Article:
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JUDGE RULES IN FAVOR OF SCHOOL CLOSING PLAN
Publication: THE CHARLESTON DAILY MAIL
Published: Monday, August 06, 1990
Byline: GINGER THOMPSON
A Kanawha Circuit Court judge today ruled in favor of the Kanawha County school board's plan to close South Charleston Junior High School.
In issuing his ruling, Judge Patrick Casey said the state Board of Education lacks the authority to overrule final acts by county school boards.
The judges ruling came in response to suits filed by South Charleston resident Thornton Cooper, an attorney, and the county school board against the state board. Casey consolidated the suits Both suits asked the judge to overrule the state board's position.
The county board this year voted to close South Charleston Junior High. Under its plan, some students would be moved to Spring Hill Junior High and the rest would be consolidated with students from Dunbar Junior High in the old Dunbar High School building.
But the state board in May overruled the plan, at least in part because some board members said studies showed the South Charleston Junior High building was underutilized.
Cooper and the county board subsequently filed separate suits contesting the ruling.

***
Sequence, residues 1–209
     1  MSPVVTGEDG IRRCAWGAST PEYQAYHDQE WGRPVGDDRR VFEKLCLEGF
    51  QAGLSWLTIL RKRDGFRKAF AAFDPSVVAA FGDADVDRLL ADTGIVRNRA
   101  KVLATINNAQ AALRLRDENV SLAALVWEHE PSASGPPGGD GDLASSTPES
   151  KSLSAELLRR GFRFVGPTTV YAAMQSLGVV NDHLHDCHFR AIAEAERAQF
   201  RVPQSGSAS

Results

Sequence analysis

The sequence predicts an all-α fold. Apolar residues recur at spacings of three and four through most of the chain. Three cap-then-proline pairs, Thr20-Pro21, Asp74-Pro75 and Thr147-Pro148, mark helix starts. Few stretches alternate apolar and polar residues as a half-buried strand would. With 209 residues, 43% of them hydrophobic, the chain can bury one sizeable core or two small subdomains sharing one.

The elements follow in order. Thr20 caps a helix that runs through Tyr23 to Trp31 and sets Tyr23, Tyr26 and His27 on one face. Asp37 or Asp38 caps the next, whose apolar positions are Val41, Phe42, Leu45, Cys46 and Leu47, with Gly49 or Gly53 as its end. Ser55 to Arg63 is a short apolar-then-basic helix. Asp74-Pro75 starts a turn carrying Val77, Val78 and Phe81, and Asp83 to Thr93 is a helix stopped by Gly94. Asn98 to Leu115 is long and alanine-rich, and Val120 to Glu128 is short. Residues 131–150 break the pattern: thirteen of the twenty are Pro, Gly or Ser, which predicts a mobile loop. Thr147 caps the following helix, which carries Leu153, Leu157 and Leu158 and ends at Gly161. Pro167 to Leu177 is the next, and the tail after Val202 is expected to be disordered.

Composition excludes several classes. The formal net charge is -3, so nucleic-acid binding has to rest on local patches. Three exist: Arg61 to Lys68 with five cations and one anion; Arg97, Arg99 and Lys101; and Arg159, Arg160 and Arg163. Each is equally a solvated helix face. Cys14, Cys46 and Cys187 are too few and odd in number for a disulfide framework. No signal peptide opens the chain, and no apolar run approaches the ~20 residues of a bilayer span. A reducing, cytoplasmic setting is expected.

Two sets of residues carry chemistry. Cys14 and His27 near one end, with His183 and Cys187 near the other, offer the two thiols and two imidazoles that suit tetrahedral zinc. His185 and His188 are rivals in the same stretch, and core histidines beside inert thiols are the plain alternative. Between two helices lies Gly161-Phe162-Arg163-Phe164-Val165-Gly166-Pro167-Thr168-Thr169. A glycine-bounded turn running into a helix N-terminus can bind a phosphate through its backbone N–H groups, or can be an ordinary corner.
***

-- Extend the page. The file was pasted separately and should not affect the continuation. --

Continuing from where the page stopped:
Cooper's suit additionally asked that the county board be forced to post all positions available at the consolidated Dunbar Junior.
High and the relocated Nitro High schools. But Casey determined that the Dunbar positions had been adequately posted and that no action r has been taken regarding Nitro High.
After Casey's ruling, the state school board and South Charleston resident Douglas Skaff, the leader of a parent group, applied that Casey not put his order into effect.
They asked the judge not to enforce the order unless the state.
Supreme Court rejects an appeal, which they said they planned to file The state board and Skaff said Casey's decision "is one of great significance regarding the Constitutional and statutory authority of the West Virginia Board of Education." They called his decision an "error," saying the state board should have the authority to supercede decisions by county school boards.